Religious liberty is more fundamental to Constitutional principles than non-discrimination, Kirsanow argued. “Religious liberty is an undisputed constitutional right,” he wrote. “With the exception of racial nondiscrimination principles embedded in the Thirteenth, Fourteenth, and Fifteenth Amendments, nondiscrimination principles are statutory or judicially created constructs.”

Another dissenting commissioner, Gail Heriot, echoed something similar, but in harsher words: “People of faith should not allow themselves to become just another special interest that needs to be appeased,” she said.

“This debate will likely dominate civil-rights discourse for at least a generation.”

But conflicts over religious liberty and non-discrimination also involve two fundamentally different world views, Kirsanow argued.

“The first, which is secularism, holds an individual’s unfettered sexual self-expression as a preeminent concern because it is an aspect of their self-creation,” he wrote. The second, which he purposefully articulates in the language of Christianity, is that “individuals are not their own judge, but rather are subject to divine law and divine judgment. The morality of a person’s conduct does not ultimately depend upon whether he thinks it is right, or whether it accords with his desires, but whether it conforms to divine law.”

This is one, very specific way of framing secular and religious commitments. But his argument suggests that conflicting legal principles are only a small part of religious freedom and non-discrimination fights: Deeply held beliefs about the nature of morality, God, and identity are at stake. As cultural norms around those beliefs have shifted—as LGBT people have become much more accepted, for example—the legal system has struggled to keep up. This is evident in courts’ split over issues like gender identity.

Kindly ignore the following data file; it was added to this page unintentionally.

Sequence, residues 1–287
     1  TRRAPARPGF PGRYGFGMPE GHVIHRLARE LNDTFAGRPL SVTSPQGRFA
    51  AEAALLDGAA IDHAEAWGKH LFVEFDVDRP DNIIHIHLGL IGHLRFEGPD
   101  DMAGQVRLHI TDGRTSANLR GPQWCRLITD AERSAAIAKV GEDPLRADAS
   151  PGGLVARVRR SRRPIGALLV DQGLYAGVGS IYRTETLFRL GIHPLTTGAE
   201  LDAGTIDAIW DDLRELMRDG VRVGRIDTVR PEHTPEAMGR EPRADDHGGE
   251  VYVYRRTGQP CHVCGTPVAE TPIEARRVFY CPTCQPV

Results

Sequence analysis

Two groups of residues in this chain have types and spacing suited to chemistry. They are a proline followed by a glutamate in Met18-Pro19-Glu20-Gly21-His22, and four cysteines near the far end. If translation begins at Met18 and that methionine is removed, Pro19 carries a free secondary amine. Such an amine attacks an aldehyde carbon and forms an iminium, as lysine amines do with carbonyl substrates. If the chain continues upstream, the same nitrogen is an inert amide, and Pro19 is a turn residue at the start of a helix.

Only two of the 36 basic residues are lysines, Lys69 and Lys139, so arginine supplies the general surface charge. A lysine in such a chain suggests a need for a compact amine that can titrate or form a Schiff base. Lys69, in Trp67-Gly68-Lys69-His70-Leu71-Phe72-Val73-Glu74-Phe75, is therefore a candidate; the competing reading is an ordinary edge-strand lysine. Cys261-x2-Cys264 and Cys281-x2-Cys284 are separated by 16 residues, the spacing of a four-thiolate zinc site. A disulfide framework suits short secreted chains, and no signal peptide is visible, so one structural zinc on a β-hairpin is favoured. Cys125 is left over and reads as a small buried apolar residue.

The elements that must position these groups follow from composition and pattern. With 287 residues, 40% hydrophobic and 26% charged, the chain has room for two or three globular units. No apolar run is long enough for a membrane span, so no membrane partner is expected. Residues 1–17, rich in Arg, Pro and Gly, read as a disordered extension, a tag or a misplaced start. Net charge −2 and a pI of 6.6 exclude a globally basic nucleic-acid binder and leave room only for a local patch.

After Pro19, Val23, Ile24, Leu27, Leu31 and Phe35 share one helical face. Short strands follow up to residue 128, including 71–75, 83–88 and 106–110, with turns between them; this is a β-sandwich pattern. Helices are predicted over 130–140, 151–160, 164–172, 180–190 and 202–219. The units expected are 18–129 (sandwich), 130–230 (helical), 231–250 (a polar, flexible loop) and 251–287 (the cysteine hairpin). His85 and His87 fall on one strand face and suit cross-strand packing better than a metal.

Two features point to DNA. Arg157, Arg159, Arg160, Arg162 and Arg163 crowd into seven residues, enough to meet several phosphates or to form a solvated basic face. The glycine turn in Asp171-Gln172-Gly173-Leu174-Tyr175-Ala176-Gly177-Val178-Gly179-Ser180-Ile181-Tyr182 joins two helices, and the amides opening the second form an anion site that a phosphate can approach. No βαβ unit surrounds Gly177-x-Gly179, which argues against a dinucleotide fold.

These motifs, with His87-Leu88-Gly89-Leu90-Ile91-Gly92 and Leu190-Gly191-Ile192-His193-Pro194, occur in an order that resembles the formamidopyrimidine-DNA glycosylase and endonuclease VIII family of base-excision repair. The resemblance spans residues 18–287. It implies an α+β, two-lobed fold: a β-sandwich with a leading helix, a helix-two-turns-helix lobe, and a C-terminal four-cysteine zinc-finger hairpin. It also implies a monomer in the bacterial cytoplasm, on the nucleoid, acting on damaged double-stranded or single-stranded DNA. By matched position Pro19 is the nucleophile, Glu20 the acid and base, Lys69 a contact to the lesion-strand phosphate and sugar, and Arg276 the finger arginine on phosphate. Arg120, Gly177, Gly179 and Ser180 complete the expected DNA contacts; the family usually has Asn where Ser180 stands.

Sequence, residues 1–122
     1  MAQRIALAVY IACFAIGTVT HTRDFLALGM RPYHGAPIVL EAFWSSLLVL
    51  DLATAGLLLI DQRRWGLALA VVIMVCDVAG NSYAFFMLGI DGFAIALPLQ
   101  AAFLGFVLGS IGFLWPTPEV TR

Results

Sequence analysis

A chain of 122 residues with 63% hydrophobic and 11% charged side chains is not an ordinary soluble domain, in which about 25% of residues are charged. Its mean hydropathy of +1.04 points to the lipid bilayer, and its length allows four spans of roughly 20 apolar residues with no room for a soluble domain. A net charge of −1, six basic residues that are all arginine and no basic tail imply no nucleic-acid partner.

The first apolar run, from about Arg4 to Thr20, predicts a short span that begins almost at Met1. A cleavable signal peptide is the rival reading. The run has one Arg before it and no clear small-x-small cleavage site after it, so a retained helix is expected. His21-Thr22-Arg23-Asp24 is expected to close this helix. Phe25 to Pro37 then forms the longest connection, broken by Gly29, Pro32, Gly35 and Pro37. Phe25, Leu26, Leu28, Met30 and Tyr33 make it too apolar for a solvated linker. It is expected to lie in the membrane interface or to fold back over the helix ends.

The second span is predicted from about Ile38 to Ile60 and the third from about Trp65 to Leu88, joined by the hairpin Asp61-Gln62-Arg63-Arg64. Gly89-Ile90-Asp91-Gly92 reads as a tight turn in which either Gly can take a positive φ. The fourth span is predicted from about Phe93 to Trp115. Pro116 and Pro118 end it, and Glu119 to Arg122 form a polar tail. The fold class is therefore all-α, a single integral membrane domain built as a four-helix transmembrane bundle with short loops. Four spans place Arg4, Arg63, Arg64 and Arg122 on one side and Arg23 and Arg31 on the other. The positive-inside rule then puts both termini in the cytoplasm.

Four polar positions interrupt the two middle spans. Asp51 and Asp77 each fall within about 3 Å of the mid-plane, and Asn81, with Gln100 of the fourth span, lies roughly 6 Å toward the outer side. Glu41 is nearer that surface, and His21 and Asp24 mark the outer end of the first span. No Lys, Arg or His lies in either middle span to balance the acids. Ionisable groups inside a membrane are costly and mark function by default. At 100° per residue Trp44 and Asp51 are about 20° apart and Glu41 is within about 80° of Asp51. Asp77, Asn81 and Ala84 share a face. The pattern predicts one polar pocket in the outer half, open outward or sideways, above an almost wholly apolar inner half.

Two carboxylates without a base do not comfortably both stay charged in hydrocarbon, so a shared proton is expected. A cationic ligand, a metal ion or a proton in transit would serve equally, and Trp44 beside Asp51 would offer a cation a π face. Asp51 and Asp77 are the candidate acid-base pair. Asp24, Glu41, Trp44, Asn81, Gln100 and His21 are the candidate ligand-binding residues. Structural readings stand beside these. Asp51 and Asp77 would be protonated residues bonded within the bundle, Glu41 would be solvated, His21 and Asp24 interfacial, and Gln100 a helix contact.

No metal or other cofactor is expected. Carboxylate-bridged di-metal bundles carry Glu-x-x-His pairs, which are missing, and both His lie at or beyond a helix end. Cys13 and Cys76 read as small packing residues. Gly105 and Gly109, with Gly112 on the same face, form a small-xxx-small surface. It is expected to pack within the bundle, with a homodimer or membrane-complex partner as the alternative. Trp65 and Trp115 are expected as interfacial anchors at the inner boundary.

But it’s also clear from the Commission’s recommendations. To summarize, very roughly, it found that “overly-broad religious exemptions” can create problems; that religious exemptions can’t limit the freedom of others; that courts should follow the Supreme Court precedent set in Employment Division v. Smith, which emphasized protection of religious beliefs over religious exercise; that the federal government should consider clarifying its Religious Freedom Restoration Act, the law that many religious groups use to seek exemptions from the law; and that states should clarify their versions of this law, too.

In theory, these are concrete suggestions to improve jurisprudence on religious-liberty conflicts. But in practice, they offer nothing to solve the fundamental challenge at stake in these cases. Sometimes, people’s religious beliefs teach opposition to certain identities.

Most recently, this has included everything from being lesbian, gay, bisexual, or transgender to having pre-marital sex. United States law holds that free expression of religion and identity are both important. There’s no easy formula for pre-determining when each should be given precedence, particularly when they clash in fundamental ways.

These conflicts will continue. As Kirsanow wrote, “This debate will likely dominate civil-rights discourse for at least a generation. And regardless of the outcome, we may emerge a very different country than the one we have been.” Specific cases will be judged against widely varying statutes and bodies of interpretation, and lawyers will continue to wage first-principle battles over the meaning of freedom. The system will remain confused, because the law is but clunky machinery for reconciling opposing world views.